Clinical Conundrums: How Long Should We Monitor After Giving IM Epinephrine for Anaphylaxis?

How Long Should We Monitor After Giving IM Epinephrine for Anaphylaxis?

Bottom Line Up Top: After prompt recognition and appropriate treatment with IM epinephrine, the risk of biphasic reactions are exceedingly low. There is no set observation time to monitor patients as long as their symptoms have resolved. At the time of discharge, appropriate patient education and prescriptions for IM epinephrine are essential.

Clinical Scenario: A 15-year-old male with a history of multiple food allergies presents after ingestion of a sandwich during a school gathering. The patient complains of throat discomfort, rash, and vomiting immediately after ingestion of the sandwich. You note on exam an urticarial rash but no signs of mucosal swelling or respiratory distress. His vital signs are normal. The patient is given 0.5 mg of intramuscular (IM) epinephrine for anaphylaxis. His symptoms are completely resolved after treatment.The patient asks if he can go back to his school gathering now that he feels better.

What Your Gut Says: He can’t leave now, it’s only been an hour. There is a chance of biphasic reactions and I haven’t observed him long enough to ensure a second reaction does not occur.

What The Evidence Says: Prompt recognition of anaphylaxis is imperative. Even after appropriate treatment with IM epinephrine, there is a potential risk of a recurrence of anaphylaxis without exposure to a triggering antigen. This is called a biphasic reaction. The risk of a biphasic reaction is what keeps patients in the ED while being observed for a set period of time. The overall incidence of biphasic reactions is unknown with rates quoted from < 0.5% up to 23% (Lieberman 2005, Rohacek 2014, Tole 2007, Grunau 2014). This varied incidence can be due to inconsistent definitions or inclusion of mild reactions. Since half of biphasic reactions occur within the first 6-12 hrs (Lee 2014) physicians often choose an observation time of 4-6 hrs. Data from a more relevant study that focuses on clinically significant biphasic reactions shows that the incidence is exceedingly low and the reaction may even occur several days post discharge (Grunau 2014).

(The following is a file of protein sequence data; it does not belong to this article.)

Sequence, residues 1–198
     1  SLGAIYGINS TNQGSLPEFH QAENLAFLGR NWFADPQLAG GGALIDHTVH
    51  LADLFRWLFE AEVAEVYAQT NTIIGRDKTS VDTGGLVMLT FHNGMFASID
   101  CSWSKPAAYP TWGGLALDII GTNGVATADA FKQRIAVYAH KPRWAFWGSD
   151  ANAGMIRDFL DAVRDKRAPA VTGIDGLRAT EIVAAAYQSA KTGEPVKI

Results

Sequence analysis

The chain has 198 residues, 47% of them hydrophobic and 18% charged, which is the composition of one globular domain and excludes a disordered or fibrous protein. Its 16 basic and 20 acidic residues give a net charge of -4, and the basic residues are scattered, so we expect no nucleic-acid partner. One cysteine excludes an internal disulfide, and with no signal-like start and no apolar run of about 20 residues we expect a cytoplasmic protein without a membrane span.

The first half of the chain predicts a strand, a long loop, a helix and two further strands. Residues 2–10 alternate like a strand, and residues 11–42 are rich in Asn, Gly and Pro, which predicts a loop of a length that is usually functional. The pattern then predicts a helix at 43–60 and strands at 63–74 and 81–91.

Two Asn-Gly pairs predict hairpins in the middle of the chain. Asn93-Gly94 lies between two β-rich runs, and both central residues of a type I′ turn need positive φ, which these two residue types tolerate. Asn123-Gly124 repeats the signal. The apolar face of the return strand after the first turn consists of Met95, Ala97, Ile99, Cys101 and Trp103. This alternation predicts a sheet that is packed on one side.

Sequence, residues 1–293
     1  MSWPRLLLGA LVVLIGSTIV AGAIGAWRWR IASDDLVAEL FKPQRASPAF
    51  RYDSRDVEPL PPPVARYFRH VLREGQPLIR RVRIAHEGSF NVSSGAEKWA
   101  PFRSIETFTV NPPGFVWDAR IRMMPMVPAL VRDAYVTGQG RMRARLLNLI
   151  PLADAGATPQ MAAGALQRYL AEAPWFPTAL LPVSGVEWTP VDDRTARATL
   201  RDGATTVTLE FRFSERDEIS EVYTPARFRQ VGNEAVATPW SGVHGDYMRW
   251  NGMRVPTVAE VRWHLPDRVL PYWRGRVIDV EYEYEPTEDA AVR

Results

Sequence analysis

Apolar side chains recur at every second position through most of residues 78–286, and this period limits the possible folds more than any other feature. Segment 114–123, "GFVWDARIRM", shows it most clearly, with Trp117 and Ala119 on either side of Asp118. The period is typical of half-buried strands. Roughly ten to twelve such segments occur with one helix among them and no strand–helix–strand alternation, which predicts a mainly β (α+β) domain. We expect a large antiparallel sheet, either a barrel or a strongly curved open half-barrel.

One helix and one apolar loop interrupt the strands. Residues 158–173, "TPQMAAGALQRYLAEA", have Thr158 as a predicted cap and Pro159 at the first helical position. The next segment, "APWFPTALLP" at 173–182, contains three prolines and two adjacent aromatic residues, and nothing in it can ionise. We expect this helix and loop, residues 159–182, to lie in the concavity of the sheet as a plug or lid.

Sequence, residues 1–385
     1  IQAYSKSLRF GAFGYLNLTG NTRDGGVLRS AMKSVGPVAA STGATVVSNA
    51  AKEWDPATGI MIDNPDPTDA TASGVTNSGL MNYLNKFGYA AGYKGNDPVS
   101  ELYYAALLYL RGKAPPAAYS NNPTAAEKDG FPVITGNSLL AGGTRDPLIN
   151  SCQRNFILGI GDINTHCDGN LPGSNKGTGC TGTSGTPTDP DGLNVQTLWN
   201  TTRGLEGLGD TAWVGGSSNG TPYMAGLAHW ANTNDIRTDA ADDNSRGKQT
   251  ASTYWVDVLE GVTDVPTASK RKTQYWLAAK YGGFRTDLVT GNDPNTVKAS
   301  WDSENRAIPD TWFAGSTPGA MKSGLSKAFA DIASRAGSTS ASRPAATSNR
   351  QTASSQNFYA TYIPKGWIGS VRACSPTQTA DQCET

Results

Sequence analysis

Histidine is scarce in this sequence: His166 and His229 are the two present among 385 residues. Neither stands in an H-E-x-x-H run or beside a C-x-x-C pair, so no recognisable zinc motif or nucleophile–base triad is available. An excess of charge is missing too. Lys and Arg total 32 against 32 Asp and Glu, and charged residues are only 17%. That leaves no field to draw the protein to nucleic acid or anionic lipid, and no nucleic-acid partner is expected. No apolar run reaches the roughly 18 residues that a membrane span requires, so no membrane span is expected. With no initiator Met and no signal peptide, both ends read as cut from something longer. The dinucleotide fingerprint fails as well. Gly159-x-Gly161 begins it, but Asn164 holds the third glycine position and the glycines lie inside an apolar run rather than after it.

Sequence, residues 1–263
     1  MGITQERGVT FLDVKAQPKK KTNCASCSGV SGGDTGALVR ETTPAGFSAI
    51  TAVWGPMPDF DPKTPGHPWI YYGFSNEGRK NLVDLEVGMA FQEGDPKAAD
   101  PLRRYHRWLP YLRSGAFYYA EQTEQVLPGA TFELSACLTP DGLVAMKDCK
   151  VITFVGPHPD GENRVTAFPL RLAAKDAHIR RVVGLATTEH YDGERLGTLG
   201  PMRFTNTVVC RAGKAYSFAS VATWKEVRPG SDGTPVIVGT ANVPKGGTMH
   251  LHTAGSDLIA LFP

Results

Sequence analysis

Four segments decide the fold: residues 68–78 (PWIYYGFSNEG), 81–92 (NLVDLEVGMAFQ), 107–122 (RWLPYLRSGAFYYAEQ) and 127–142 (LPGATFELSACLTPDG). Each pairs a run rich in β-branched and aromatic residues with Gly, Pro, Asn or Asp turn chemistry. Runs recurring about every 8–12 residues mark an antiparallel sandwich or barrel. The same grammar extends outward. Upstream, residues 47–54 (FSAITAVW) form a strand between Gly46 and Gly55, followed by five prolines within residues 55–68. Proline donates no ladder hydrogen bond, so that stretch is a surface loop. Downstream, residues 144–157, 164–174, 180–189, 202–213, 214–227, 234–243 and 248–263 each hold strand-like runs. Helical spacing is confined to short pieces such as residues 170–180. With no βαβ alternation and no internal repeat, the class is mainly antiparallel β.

Which patients are at risk for experiencing biphasic reactions? While the evidence is not strong, those who have been undertreated, experienced delays in treatment, or required multiple injections of epinephrine are more prone to experience a recurrence of symptoms (Ellis 2007, Liu 2020). Thus, if the patient has complete resolution of symptoms after appropriate treatment of anaphylaxis, there is no set time period for monitoring in the ED. At the time of discharge, thorough education and the availability of IM epinephrine for the patient is paramount to allow for prompt treatment of an unlikely biphasic reaction (Pourmand 2018, Shaker 2020).

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Are steroids and antihistamines really effective for anaphylaxis?: Updated Anaphylaxis Guidelines (2020)


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Post Created By: Akash Bhatnagar, MD (Link)

Peer Review By: Anand Swaminathan MD, MPH

Cite this article as: Akash Bhatnagar MD, "Clinical Conundrums: How Long Should We Monitor After Giving IM Epinephrine for Anaphylaxis?", REBEL EM blog, December 5, 2023. Available at:

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